This is another harmless tick that has an oblong body shape. Adult females have a white collar across the top of their backs, while adult males have blotches of white on theirs. Nymphs are a uniform dark color.
Of the common ticks found around New Jersey, this is the tick that carries Lyme Disease. Only the females and nymphs feed and therefore, transmit the disease to a human host. They have a teardrop shape, and females have a dark red lower abdomen. Nymphs are uniformly reddish-brown in color
For more information on ticks in the New Jersey area, contact the Stern Environmental Group. We have the latest on how to identify and protect yourself against these pests, and we can answer all of your tick related concerns.
The newest tick-borne illness to watch for is called the Powassan Virus. The first signs of this infection are showing up in the New Jersey area, and it is proving to have a 10% mortality rate of those who are afflicted. Because it is a virus, just like a cold or flu, there is no immediate cure. You’ll have to weather the storm, with help from your local doctor or hospital, until the virus runs its course. Here is what to look for if you become infected.
Much like Lyme disease, people infected with the Powassan Virus will exhibit signs of fever, a rash where the tick was attached and headaches. If antibiotics are given, but the symptoms do not go away, the chances are that the person has been infected with the Powassan Virus.
Prevention is the Only Cure
Not being bitten by a tick that harbors the virus is the only real cure. Always check your body after being outside, particularly in places like arm pits, navels and on your head. Spray your clothing with a 20% to 30% deet-based insect repellent before going outside, and avoid contact with bushy or woody areas where ticks might be lurking.
For more information on ticks, the Powassan Virus and the ways of prevention, please contact Stern Environmental Group. We have the answers to all of your tick and Powassan Virus related questions.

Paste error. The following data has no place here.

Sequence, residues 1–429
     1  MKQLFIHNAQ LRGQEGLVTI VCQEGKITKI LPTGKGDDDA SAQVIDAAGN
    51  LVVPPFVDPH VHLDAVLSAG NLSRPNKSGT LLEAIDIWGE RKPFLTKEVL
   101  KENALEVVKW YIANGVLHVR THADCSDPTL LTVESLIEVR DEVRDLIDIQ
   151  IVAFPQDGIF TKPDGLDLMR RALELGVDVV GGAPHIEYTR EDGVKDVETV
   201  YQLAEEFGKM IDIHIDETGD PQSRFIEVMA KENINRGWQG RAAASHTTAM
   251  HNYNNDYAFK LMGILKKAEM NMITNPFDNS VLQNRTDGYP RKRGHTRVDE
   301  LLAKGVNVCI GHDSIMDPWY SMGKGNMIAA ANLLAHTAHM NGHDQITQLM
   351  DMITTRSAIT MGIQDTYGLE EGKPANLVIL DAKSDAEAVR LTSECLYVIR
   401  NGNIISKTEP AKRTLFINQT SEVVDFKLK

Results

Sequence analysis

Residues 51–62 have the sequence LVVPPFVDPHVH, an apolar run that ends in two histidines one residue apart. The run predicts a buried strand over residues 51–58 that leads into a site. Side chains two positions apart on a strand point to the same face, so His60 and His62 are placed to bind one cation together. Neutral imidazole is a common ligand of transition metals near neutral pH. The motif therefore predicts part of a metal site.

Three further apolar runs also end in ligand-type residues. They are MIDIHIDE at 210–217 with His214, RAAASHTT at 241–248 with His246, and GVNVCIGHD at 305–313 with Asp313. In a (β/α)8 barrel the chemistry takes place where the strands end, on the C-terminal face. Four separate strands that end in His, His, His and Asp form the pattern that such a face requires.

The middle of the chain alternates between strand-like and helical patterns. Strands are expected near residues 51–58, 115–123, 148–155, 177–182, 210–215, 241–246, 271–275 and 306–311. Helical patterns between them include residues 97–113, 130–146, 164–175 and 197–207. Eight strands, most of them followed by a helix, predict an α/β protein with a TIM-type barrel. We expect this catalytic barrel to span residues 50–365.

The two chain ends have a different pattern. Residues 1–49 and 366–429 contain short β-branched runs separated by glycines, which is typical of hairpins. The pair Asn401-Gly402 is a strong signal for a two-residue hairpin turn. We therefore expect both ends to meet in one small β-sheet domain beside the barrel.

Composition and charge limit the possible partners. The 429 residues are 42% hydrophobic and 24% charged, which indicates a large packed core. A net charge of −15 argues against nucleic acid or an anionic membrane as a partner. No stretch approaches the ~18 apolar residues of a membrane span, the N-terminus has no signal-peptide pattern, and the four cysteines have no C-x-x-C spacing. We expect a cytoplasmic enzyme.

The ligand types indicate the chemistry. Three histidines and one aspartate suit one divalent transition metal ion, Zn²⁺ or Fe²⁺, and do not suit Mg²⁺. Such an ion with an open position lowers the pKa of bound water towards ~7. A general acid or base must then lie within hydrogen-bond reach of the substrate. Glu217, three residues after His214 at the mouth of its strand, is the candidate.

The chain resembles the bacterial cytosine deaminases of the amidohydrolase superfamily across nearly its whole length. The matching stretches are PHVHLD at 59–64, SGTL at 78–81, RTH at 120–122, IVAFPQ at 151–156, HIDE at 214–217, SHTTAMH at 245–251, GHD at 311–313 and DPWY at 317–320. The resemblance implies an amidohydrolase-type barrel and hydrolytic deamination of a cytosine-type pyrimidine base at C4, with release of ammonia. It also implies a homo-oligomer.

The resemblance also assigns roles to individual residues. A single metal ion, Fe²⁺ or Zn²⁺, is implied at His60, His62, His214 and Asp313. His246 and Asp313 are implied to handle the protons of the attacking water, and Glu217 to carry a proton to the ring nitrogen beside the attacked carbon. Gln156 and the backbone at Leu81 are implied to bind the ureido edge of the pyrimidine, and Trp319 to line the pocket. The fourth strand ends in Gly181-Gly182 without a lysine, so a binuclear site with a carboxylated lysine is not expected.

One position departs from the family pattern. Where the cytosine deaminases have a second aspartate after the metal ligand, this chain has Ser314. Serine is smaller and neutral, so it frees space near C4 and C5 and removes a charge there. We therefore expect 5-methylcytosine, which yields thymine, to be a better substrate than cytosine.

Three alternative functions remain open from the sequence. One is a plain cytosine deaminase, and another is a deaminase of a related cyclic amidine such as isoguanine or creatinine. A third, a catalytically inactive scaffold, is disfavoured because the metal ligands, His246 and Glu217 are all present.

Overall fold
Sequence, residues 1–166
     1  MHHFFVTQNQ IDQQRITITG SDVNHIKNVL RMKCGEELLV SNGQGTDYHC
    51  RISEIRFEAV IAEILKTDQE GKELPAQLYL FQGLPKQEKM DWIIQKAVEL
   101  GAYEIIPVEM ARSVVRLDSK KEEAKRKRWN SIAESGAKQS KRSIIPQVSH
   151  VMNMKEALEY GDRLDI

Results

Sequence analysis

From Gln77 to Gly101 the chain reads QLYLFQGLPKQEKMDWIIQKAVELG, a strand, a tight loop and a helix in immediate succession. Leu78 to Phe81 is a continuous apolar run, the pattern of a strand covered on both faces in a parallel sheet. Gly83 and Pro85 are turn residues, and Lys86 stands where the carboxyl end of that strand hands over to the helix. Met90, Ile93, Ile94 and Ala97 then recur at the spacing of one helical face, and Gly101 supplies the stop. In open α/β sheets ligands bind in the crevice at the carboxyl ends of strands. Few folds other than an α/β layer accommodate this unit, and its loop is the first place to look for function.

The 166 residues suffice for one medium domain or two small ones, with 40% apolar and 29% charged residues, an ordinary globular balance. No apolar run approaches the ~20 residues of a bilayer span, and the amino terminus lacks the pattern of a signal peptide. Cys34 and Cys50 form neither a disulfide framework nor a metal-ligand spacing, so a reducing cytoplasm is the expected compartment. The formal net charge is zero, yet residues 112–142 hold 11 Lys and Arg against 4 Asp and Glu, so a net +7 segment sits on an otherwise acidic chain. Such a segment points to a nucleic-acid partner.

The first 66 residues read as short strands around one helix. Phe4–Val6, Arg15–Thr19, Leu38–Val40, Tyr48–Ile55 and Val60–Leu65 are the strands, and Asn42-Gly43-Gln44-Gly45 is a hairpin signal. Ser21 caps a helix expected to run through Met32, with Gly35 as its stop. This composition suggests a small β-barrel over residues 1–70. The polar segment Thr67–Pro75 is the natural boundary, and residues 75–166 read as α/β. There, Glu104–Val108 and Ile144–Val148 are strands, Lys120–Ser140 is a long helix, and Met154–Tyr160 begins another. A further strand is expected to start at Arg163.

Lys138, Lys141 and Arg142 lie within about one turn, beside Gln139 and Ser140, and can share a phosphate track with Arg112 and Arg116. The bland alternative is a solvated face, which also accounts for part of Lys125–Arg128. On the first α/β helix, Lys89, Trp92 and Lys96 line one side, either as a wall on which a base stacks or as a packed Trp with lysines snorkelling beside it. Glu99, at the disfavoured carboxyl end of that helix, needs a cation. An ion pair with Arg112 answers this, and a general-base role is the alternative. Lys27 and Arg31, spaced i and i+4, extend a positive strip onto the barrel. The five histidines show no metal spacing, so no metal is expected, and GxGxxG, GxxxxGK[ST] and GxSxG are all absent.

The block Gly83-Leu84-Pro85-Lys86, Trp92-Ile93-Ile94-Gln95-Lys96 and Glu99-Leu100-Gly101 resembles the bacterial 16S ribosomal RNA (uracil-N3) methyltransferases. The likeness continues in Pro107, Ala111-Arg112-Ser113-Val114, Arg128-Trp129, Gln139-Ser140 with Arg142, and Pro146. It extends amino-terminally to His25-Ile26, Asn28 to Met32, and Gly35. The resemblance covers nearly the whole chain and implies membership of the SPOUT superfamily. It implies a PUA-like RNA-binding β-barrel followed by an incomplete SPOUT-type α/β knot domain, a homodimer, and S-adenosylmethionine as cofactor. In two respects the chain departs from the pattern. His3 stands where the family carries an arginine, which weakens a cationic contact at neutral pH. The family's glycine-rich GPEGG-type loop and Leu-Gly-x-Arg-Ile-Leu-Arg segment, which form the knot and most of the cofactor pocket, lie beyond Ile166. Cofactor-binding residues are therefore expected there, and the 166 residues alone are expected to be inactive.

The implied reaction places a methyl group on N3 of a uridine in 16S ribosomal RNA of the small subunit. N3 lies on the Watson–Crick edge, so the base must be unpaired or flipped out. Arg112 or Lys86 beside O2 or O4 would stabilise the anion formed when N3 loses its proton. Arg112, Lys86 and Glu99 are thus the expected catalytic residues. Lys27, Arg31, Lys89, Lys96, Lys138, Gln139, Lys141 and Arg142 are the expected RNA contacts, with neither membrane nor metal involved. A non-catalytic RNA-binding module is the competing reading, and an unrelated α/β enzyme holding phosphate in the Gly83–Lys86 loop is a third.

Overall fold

Beware. If you go for a hike in the woods, you could bring home a new tick disease that has hospitalized victims in Missouri. Discovered by researchers from Missouri Western State University and the Centers for Disease Control and Prevention, the new disease is carried by lone star ticks.
Named the Heartland Virus, the new tick virus travels through the victim’s blood. Ticks become infected as larvae when they feed on virus-infected birds and animals. When larvae mature into adults they can transmit the virus to humans. The greatest risk of infection occurs in the spring and early summer. While New York and New Jersey are home to several tick species, lone star ticks are more likely to attack humans.
Distinguish by a single white dot, or “lone star,” on the female’s back, lone star ticks are reddish brown with flat, oval bodies. Small, just 1/6 to 1/4 inch long before feeding, they double in size when engorged. Previously relegated to southern states, the lone star tick has gradually expanded its territory. It is now found throughout the Midwest and in coastal regions along the Eastern Seaboard as far north as Maine. All of New Jersey and the southern half of New York State are affected by this new threat. Because these ticks are sensitive to sunlight they are typically found hiding in low-growing vegetation in shady, wooded areas.